Undoubtedly, there are a number of therapies used in the treatment of addiction. Because not everyone learns the same way, experiences the same things, or is addicted to the same substances, not everyone recovers from addiction the same way. So, there must be many available opportunities to find the right approaches for each individual. Here at Willow Place for Women, we utilize a number of therapeutic techniques. And, a few of these are evidence–based treatment therapies, meaning that they have been proven to be effective through research in helping individuals recover from drug or alcohol addiction.
Evidence-Based Therapy at The Willow Place for Women
Behavioral therapies do a lot to help prepare people during treatment for the world of recovery. Often, individuals dealing with active addiction develop unhealthy thought patterns and behaviors which can negatively affect recovery. So, these thought patterns and behaviors should be addressed during treatment. The goal of behavioral therapies is to address underlying issues which may have led to addiction. This way, individuals can gain effective techniques like recognizing specific relapse triggers so they may be avoided during recovery. This is how we treat patients with addiction at our evidence–based treatment center.
12 Step Facilitation
When most people think of recovery, they picture a 12 step meeting. Basically, it’s a structured environment where people can come and share the same goal – recovery. It involves three main points which include:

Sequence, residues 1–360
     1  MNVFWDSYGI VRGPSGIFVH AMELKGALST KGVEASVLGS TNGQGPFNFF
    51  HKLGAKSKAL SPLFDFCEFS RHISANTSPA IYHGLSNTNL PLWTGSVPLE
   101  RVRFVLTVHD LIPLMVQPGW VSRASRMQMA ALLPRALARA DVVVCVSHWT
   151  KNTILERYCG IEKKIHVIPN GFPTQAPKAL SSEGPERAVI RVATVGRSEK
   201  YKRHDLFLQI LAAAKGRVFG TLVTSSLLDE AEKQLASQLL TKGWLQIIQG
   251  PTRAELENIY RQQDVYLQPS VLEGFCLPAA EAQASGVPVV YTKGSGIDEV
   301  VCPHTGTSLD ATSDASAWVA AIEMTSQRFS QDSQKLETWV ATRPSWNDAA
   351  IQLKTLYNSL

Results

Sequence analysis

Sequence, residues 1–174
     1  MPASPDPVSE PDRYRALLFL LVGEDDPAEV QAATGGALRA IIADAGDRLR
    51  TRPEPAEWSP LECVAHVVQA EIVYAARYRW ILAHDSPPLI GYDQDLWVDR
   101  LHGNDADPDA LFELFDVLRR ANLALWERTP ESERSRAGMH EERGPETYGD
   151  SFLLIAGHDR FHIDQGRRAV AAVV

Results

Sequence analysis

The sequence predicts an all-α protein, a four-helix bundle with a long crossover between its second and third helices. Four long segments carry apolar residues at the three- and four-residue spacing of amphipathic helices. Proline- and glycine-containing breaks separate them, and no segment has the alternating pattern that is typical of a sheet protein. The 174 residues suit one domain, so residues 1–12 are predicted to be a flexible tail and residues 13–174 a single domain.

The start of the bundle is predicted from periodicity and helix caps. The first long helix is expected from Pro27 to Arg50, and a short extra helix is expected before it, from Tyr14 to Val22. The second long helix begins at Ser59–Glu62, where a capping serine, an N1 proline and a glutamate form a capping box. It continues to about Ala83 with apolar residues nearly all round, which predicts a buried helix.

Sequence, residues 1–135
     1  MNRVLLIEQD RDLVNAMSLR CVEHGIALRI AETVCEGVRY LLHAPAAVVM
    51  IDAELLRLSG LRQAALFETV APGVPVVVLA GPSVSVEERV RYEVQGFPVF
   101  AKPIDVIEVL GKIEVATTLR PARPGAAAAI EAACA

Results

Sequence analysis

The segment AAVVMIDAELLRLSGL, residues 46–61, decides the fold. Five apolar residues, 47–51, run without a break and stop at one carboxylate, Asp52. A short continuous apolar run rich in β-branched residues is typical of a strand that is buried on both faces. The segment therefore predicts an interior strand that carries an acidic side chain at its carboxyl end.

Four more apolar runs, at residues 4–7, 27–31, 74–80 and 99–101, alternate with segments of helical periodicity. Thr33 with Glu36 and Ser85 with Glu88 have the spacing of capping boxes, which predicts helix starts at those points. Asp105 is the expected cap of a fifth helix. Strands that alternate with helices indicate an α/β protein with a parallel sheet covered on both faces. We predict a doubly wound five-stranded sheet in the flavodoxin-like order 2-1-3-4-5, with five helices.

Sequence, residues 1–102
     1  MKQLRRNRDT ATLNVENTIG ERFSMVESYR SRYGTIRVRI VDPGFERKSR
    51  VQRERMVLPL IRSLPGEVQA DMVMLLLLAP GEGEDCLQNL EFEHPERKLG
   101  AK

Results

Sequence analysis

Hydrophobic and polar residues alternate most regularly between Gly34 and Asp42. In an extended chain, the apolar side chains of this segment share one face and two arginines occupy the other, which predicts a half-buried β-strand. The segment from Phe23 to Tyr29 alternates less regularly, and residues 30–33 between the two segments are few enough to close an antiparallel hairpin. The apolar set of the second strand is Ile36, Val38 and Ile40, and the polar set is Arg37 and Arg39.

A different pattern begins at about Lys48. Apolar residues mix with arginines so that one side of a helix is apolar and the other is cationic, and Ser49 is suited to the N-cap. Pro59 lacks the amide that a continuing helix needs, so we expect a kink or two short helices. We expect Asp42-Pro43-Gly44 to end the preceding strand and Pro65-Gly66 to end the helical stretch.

Acceptance: First and foremost, the first thing a 12 step approach involves is completely accepting the fact that addiction is affecting your life. And, that abstaining from drug and alcohol use is the only way an individual can recover from addiction completely.
Submission: Second, a part of 12-step facilitation includes submission to a higher power. While this doesn’t necessarily have to mean a specific god named to a specific religion, it is basically just the acceptance that there is a force beyond our control we should submit to. Secondly, submission also requires being open to the available support from recovery peers.
Involvement: Finally, 12-step facilitation absolutely requires involvement in group meetings and other activities set by the group. After all, how can you benefit from a therapy if you don’t go?
Other Evidence-Based Therapies at The Willow Place for Women
Process Groups: Since our program is offered on an outpatient basis, women enrolled in the program have a lot of freedom outside of treatment. So, accountability plays a big role in how effective treatment is. Process groups allow peers in treatment to talk about goals before breaking for the weekend. Once the weekend concludes, process groups allow people to come back together to talk about how and if those goals were accomplished. This way, everyone in the program is held accountable for their actions and can develop healthy lifestyles.
Skills Groups: Skills groups are types of group therapy which incorporates a number of effective behavioral therapy techniques. These types of therapies have been utilized as staples in addiction treatment for many years. That’s because they are widely known for their effectiveness in helping to identify the underlying causes of addiction and develop helpful coping methods. Here at Willow Place for Women, we utilize a number of types of behavioral therapy techniques in our skills groups. They include Dialectical Behavioral Therapy (DBT), Cognitive Behavioral Therapy (CBT), and Acceptance and Commitment Therapy (ACT). We also help individuals by providing evidence based treatment for PTSD and anxiety.
Interpersonal Process: These types of therapeutic techniques involve looking into the self to identify issues which may have played a part in the development of addictive or eating disorder behaviors. Additionally, they include developing helpful coping mechanisms to address relapse triggers which individuals will inevitably deal with after treatment concludes. Things addressed during Interpersonal Process groups may include evidence based treatment for anxiety, stress management, goal setting, finding meaning throughout recovery, and spirituality.